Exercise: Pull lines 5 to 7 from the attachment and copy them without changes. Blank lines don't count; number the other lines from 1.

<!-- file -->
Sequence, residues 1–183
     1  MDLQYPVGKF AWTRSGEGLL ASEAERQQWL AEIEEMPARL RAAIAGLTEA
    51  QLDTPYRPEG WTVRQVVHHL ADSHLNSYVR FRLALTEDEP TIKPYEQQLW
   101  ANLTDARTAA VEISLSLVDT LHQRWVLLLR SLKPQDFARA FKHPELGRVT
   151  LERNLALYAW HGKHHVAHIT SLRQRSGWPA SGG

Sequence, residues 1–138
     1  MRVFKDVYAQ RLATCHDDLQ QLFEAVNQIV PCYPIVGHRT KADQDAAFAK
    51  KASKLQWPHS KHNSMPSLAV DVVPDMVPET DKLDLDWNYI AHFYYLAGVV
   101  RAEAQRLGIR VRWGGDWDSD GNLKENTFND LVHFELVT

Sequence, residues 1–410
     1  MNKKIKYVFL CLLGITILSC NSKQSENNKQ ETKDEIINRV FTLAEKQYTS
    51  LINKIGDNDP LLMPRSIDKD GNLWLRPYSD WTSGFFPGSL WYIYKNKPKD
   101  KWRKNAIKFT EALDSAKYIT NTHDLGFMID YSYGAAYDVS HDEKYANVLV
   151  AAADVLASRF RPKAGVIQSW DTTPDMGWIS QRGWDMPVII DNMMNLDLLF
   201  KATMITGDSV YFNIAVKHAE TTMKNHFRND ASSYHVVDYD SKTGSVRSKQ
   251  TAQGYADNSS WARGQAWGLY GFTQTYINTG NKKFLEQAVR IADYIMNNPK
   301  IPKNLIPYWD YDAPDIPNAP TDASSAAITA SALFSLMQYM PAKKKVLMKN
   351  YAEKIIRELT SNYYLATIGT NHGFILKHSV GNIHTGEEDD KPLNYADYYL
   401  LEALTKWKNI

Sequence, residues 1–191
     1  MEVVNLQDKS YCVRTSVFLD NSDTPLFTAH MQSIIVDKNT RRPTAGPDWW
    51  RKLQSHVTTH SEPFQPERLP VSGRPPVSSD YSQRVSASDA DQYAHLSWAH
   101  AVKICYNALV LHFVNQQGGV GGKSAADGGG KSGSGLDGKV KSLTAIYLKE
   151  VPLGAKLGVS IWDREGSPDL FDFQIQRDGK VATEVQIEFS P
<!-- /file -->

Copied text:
   151  LERNLALYAW HGKHHVAHIT SLRQRSGWPA SGG

Sequence, residues 1–138
     1  MRVFKDVYAQ RLATCHDDLQ QLFEAVNQIV PCYPIVGHRT KADQDAAFAK